Accelerated cortical thinning within structural brain networks is associated with irritability in youth

Robert J. Jirsaraie, Antonia N. Kaczkurkin, Sage Rush, Kayla Piiwia, Azeez Adebimpe, Danielle S. Bassett, Josiane Bourque, Monica E. Calkins, Matthew Cieslak, Rastko Ciric, Philip A. Cook, Diego Davila, Mark A. Elliott, Ellen Leibenluft, Kristin Murtha, David R. Roalf, Adon F.G. Rosen, Kosha Ruparel, Russell T. Shinohara, Aristeidis SotirasDaniel H. Wolf, Christos Davatzikos, Theodore D. Satterthwaite

Research output: Contribution to journalArticlepeer-review

14 Scopus citations

Abstract

Irritability is an important dimension of psychopathology that spans multiple clinical diagnostic categories, yet its relationship to patterns of brain development remains sparsely explored. Here, we examined how transdiagnostic symptoms of irritability relate to the development of structural brain networks. All participants (n = 137, 83 females) completed structural brain imaging with 3 Tesla MRI at two timepoints (mean age at follow-up: 21.1 years, mean inter-scan interval: 5.2 years). Irritability at follow-up was assessed using the Affective Reactivity Index, and cortical thickness was quantified using Advanced Normalization Tools software. Structural covariance networks were delineated using non-negative matrix factorization, a multivariate analysis technique. Both cross-sectional and longitudinal associations with irritability at follow-up were evaluated using generalized additive models with penalized splines. The False Discovery Rate (q < 0.05) was used to correct for multiple comparisons. Cross-sectional analysis of follow-up data revealed that 11 of the 24 covariance networks were associated with irritability, with higher levels of irritability being associated with thinner cortex. Longitudinal analyses further revealed that accelerated cortical thinning within nine networks was related to irritability at follow-up. Effects were particularly prominent in brain regions implicated in emotion regulation, including the orbitofrontal, lateral temporal, and medial temporal cortex. Collectively, these findings suggest that irritability is associated with widespread reductions in cortical thickness and accelerated cortical thinning, particularly within the frontal and temporal cortex. Aberrant structural maturation of regions important for emotional regulation may in part underlie symptoms of irritability.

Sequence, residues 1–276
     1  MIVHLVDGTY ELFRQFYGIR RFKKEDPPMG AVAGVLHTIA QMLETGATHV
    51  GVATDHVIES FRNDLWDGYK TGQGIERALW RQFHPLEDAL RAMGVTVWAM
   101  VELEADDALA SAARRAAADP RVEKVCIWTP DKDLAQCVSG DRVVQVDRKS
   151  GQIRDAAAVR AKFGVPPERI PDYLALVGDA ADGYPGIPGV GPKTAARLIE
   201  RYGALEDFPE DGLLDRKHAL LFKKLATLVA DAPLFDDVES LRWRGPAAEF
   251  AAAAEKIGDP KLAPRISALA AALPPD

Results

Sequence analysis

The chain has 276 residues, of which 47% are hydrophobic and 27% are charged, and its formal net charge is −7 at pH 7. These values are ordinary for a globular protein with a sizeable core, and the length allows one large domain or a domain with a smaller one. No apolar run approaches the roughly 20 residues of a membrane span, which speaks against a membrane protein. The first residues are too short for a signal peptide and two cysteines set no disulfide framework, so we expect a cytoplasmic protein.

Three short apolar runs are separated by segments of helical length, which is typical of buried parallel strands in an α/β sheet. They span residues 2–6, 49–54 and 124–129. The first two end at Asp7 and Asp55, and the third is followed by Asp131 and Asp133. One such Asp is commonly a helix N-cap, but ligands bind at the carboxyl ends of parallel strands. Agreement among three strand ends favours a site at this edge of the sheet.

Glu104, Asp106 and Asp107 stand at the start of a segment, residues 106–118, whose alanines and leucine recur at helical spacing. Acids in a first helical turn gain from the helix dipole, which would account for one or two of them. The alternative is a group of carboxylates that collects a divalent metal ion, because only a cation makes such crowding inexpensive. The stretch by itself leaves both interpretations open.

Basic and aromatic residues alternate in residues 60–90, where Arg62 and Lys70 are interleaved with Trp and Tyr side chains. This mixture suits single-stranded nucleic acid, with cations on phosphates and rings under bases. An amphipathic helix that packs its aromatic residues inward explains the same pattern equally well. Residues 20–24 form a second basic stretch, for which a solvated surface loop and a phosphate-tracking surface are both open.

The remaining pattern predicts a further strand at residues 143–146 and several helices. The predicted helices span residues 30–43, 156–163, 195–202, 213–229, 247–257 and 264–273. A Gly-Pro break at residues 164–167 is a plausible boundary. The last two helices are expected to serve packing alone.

Original languageEnglish
Pages (from-to)2254-2262
Number of pages9
JournalNeuropsychopharmacology
Volume44
Issue number13
DOIs
StatePublished - Dec 1 2019

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